A pending legislative measure is seeking to refocus the investment mandate of state-run Philippine National Oil Company (PNOC) into exploration and production (E&P) ventures in the oil and gas sector, and for it to transform itself as a global champion in that industry similar to the achievements of many of its peers all over the world.
Under Senate Bill 1992 that was filed recently, it is envisioned that PNOC must metamorphose on its role in the energy sector and for it to triumph as a national oil company (NOC) similar to the stature of international counterparts like Petronas of Malaysia; Pertamina of Indonesia, PetroVietnam, PTT of Thailand, China National Offshore Oil Corporation, Petrobras of Brazil as well as Saudi Aramco, which is currently the world’s biggest oil producer.
According to Senator Sherwin T. Gatchalian, principal author of the bill proposing amendments to the PNOC Charter, the state-run firm had been a successful game-changer of industry developments in the past – primarily in the geothermal sector.
Nevertheless, he noted that such scale of success had been aloof on PNOC’s other technology deployments as well as the investment experiments it had done on alternative fuels and even renewable energy (RE) ventures.
Instead, he noted that PNOC just thinly dispersed its resources and capabilities — that in the end, the company wasn’t able to emerge as a champion in the investment areas it had engaged itself into.
For that reason, the lawmaker emphasized the need to recalibrate the investment activities of the state-run firm, primarily in upstream oil and gas exploration because that is a future that the Philippines would need to succeed on if it has to achieve its energy independence and energy security goals.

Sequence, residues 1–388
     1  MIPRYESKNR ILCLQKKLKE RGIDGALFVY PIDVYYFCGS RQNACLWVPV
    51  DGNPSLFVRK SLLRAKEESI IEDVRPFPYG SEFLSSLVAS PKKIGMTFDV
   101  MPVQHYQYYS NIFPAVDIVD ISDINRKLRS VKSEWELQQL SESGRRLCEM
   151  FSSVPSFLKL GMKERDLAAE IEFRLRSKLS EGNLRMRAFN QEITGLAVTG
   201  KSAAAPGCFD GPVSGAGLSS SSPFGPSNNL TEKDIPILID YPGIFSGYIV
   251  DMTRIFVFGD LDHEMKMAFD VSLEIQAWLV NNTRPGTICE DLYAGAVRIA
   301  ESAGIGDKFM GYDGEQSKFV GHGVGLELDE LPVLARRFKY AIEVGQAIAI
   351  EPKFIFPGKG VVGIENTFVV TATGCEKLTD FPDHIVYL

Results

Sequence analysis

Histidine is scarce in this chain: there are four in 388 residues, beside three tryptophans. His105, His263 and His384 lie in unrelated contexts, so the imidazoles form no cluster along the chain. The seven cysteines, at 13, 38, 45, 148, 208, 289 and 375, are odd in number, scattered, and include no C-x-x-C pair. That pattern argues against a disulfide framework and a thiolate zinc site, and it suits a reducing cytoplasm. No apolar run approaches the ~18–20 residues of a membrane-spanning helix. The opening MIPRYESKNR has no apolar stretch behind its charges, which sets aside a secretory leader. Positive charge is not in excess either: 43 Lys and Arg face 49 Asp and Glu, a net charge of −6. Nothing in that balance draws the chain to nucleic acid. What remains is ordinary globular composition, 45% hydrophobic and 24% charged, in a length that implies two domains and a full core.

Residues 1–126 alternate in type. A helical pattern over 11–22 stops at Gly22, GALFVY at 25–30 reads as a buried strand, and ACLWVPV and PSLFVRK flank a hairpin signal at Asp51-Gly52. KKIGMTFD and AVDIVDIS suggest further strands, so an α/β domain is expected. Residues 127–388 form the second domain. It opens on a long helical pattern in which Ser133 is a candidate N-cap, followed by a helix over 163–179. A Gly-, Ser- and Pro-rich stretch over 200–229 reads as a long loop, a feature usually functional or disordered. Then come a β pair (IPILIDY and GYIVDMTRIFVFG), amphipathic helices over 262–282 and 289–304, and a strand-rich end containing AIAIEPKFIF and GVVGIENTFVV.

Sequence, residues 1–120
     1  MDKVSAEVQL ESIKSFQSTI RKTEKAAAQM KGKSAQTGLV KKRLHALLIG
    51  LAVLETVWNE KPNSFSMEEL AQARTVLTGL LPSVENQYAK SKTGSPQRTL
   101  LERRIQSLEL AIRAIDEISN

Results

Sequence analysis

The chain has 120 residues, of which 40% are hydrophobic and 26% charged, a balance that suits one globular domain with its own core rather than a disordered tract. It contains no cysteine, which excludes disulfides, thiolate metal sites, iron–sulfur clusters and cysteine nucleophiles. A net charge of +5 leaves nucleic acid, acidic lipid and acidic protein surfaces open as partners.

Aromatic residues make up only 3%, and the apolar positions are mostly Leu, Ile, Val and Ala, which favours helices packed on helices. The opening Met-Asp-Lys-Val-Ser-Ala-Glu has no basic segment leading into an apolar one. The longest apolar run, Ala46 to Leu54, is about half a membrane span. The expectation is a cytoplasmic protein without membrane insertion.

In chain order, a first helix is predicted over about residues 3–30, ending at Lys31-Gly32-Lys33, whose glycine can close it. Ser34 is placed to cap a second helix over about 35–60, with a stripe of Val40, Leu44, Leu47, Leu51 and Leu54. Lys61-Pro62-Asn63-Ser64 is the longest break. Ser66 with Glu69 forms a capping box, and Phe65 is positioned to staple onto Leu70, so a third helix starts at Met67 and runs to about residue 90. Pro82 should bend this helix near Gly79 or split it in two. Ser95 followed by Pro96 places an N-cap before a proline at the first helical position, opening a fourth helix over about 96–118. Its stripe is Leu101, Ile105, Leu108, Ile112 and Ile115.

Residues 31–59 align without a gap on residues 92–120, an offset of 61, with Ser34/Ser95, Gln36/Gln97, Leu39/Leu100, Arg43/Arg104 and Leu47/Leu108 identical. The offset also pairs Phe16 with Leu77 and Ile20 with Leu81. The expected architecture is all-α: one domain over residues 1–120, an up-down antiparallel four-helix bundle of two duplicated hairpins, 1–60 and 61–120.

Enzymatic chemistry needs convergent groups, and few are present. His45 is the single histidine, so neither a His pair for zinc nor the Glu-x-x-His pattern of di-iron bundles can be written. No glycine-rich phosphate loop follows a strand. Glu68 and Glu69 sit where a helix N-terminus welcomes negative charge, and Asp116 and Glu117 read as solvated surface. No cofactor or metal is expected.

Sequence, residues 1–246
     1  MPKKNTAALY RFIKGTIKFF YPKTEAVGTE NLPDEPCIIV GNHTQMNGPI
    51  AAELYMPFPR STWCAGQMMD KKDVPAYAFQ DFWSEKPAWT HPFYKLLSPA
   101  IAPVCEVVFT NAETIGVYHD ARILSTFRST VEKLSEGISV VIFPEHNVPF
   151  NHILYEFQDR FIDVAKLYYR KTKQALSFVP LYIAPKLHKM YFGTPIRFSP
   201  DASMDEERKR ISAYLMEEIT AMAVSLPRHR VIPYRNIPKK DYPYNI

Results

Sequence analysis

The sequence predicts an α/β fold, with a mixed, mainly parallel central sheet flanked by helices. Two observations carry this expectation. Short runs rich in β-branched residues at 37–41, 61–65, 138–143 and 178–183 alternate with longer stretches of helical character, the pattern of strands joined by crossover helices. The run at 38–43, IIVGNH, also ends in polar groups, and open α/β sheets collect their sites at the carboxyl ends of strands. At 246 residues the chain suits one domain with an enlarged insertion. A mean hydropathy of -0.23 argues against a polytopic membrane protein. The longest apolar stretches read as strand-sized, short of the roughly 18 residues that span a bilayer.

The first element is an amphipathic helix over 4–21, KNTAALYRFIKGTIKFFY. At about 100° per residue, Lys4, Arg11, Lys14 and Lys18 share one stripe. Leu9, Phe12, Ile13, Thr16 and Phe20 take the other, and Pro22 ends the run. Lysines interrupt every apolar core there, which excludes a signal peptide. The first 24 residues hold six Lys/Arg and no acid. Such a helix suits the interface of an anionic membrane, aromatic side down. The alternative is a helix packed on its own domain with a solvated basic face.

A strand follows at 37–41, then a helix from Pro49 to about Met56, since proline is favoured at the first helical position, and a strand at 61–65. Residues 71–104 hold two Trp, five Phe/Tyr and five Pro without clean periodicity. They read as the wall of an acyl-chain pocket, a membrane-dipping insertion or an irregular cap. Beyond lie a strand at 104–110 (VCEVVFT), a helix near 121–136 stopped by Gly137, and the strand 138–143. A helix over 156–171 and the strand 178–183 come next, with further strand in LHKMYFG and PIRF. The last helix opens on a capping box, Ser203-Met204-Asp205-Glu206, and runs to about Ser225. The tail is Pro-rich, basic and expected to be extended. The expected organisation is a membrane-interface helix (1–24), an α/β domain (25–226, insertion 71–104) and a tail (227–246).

“My view on the energy transition, we will need natural gas and we have to explore every possible area here in our country to find our own source of natural gas,” Gatchalian stressed.
He stated that in the country’s quest for its next commercial oil and gas fields, it is PNOC that is seen in the best position to lead the way – even in partnering with deep-pocketed multinational investors that will aid the country in its E&P investment prospects.
“PNOC can be used as a vehicle to explore our own resources…we have to make sure that it is focused on that objective of looking for oil and gas, because the government has this catalyst mandate or role in developing an industry,” the lawmaker explained.
Other investment areas in the energy sector already have the private sector players reigning, hence, as a state-owned company hurdled by bureaucratic processes, PNOC shall already opt out from those sectors because it’s competitive advantage may no longer thrive efficiently.
But in the upstream petroleum sector, Gatchalian indicated that there’s still a major space that PNOC can occupy, especially so since the country’s biggest commercial gas field is already nearing the end of its productive life cycle – thus, a replacement-discovery must be keenly pushed in the Philippine energy transition paradigm.